Fire boats

have a long history serving London and keeping it safe.

The earliest fire-floats

The term fire boat is a relatively new term. For most of their history they were called ‘fire-floats’. The Insurance Companies, that provided London’s fire brigades prior to 1833, had introduced the first fire-floats. In truth they were manual fire engines carried on large rowing boats. London saw the arrival of the first-fire float as early as 1765. It was built for the Sun Fire Insurance Company. It was followed by other fire-floats as more insurance companies added a floating engine to improve their firefighting abilities. 

Firefighting on the river

‘A fire boat was designed to be a floating pump that would never run out of water.’

Victorian technical developments

With the creation of the London Fire Engine Establishment in 1833, under Superintendent James Braidwood, the fire-floats were transferred to the new fire brigade. The largest two floating engines required between 60 and 80 men to operate their manual pumps. By 1852 the larger of the two was adapted to work by steam, an experiment that proved successful at the time, at a cost of £3,000.

The purpose of the fire-floats was a simple one, to direct jets of water at a riverside blaze where access by land was impossible. In addition, they also supplemented water supplies to firemen working from either moored craft or on the river foreshore. London’s two oar-propelled craft were located by South Bridge (the larger Upper float) and the Lower float was berthed off King’s Stairs, Rotherhithe, both on the south side of the river.

Fireboat Alpha c.1920

Braidwood died at the Tooley Street fire in 1861, a fire so severe it scorched the fire-float moored mid-stream fighting the blaze. However, on the river little changed as the steam self-propelled fire-floats were not deemed successful and they continued to be towed by fire tugs.

It was the new Chief Officer (another Captain-but a former Royal Navy captain), Capt. Lionel De Latour Wells (1896-1902) who introduced a vessel which had both pumping and propelling machinery in one hull. It was a new age in London’s fire-floats. Built to Well’s design, and commissioned in 1900, the Alpha II was the first of four-vessels brought into service between 1900 and 1912. The other craft being Beta II, Gamma II and Delta II.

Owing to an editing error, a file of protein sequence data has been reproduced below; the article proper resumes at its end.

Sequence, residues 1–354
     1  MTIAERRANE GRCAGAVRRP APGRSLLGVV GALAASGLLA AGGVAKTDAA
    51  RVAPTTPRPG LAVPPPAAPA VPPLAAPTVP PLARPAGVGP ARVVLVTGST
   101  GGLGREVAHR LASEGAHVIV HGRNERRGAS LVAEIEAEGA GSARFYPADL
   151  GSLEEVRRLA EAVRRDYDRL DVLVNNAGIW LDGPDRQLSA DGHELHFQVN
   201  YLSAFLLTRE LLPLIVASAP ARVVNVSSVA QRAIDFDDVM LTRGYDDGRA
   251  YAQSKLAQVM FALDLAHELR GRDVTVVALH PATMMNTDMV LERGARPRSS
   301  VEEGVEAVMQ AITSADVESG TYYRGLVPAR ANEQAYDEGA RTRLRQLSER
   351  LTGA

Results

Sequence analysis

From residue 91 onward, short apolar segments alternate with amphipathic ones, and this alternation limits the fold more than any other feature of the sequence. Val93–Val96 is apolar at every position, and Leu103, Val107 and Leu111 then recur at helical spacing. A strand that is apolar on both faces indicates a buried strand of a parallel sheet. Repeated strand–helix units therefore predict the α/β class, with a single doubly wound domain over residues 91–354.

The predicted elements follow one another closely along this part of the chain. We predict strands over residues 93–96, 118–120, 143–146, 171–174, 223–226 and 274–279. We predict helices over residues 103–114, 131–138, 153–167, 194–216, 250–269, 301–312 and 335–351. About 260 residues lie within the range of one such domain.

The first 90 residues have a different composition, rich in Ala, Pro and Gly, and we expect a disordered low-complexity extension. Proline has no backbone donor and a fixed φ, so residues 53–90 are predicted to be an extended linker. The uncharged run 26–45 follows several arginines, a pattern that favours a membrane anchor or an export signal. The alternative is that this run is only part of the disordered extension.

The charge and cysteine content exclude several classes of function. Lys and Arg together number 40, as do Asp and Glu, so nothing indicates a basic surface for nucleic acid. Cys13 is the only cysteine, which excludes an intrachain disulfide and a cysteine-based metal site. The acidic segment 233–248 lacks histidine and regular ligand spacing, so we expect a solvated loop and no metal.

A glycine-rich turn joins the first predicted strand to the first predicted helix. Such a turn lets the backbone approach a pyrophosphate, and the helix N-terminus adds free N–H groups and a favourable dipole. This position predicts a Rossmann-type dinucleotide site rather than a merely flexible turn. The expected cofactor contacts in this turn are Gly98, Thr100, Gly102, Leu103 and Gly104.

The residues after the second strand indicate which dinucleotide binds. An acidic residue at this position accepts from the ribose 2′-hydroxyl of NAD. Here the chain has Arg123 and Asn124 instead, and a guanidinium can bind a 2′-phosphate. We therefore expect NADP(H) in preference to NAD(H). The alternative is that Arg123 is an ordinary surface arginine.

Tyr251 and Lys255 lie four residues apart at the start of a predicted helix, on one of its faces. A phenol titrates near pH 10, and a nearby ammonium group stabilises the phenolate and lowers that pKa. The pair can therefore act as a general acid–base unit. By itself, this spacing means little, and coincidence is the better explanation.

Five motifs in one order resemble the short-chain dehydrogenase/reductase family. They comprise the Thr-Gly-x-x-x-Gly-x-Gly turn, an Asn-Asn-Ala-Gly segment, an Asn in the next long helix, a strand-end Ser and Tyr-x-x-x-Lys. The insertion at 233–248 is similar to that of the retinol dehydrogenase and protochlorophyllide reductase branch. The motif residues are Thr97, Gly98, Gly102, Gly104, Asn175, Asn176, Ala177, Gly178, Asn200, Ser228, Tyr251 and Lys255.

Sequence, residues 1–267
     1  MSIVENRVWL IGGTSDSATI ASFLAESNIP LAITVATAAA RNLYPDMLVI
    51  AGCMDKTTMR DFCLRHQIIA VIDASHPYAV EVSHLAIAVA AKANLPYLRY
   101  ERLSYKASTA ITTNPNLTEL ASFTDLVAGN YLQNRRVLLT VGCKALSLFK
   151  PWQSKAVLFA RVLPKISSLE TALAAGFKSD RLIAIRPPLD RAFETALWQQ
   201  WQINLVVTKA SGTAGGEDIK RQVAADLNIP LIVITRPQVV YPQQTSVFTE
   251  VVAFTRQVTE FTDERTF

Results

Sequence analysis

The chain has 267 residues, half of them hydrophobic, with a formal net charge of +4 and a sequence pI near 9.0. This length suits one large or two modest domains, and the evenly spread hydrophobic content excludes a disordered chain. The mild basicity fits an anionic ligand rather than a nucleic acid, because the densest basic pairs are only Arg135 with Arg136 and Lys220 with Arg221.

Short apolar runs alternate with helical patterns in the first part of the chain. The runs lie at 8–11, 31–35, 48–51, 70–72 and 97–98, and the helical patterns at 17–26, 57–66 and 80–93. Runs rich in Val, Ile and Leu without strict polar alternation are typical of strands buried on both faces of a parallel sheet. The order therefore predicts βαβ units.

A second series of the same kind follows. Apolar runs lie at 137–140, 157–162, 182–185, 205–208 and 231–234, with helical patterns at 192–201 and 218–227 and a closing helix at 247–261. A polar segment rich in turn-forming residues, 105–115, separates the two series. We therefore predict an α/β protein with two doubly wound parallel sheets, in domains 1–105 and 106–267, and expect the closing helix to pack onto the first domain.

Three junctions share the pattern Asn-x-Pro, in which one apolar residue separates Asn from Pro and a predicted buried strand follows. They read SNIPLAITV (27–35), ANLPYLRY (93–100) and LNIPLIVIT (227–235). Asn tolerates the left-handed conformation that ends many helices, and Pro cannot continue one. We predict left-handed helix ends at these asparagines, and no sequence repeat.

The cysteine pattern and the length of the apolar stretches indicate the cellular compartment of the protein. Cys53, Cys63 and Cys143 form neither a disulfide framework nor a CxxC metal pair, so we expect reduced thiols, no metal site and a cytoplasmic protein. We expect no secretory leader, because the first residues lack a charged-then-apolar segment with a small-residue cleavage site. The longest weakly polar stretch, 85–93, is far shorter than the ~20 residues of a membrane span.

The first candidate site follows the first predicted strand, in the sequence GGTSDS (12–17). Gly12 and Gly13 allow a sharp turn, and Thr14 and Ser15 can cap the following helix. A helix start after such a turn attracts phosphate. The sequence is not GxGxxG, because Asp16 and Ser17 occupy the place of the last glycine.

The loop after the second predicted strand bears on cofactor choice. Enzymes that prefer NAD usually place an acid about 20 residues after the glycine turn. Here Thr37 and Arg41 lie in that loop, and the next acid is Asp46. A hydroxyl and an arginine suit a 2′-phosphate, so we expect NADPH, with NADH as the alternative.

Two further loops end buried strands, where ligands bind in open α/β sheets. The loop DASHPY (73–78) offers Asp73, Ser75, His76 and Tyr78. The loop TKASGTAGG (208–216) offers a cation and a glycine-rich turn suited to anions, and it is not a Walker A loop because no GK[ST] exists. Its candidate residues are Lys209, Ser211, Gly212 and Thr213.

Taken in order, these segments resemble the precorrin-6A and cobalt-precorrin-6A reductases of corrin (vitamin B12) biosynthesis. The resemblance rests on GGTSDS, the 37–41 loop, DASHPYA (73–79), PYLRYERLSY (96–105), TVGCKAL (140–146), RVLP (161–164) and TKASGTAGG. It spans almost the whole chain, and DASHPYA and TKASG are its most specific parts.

Early 20th century developments (pre-1937)

In 1925 Beta III was placed into service and in 1935 was joined by the Massey Shaw. Prior to the First World War, the Brigade had three ‘floating stations’; Cherry Gardens in Rotherhithe, Blackfriars at the Victoria Embankment, and Battersea which was located at Battersea Bridge.

Lambeth river station

With the opening of the new Lambeth headquarters in 1937 Battersea river station was shut and its boat transferred to the new Lambeth river station. Charing Cross river repair depot was also closed. All fire-float repairs, and maintenance, were undertaken by the marine engineers at the new Lambeth HQ workshops. In 1938 Lambeth river station received the new high-speed fire-float, the Braidwood.

Lambeth’s river fire station retains a unique feature amongst the one hundred plus fire stations that make up the London Fire Brigade. It has no fire station ground. The fire boat simply maintains its primary function of being a floating pump and acting in support of the land-based crews and, when required, acting as a rescue craft.


The fireboat pontoon at Lambeth

When Lambeth’s fireboat pontoon originally opened, together with the new headquarters building in 1937, it was two simple huts on a pontoon where the boat crews would spend their day shifts, returning to the land station to eat their meals and to sleep in the large dormitory on the fire stations’ first floor.

In the intervening years the two huts were replaced by two slightly larger prefabricated single storey buildings. But by the early 1980s both the pontoon and its buildings were in urgent need of replacement. Today’s river firefighters have their own self-contained, purpose built, standalone floating fire station.

Expansion during the Second World War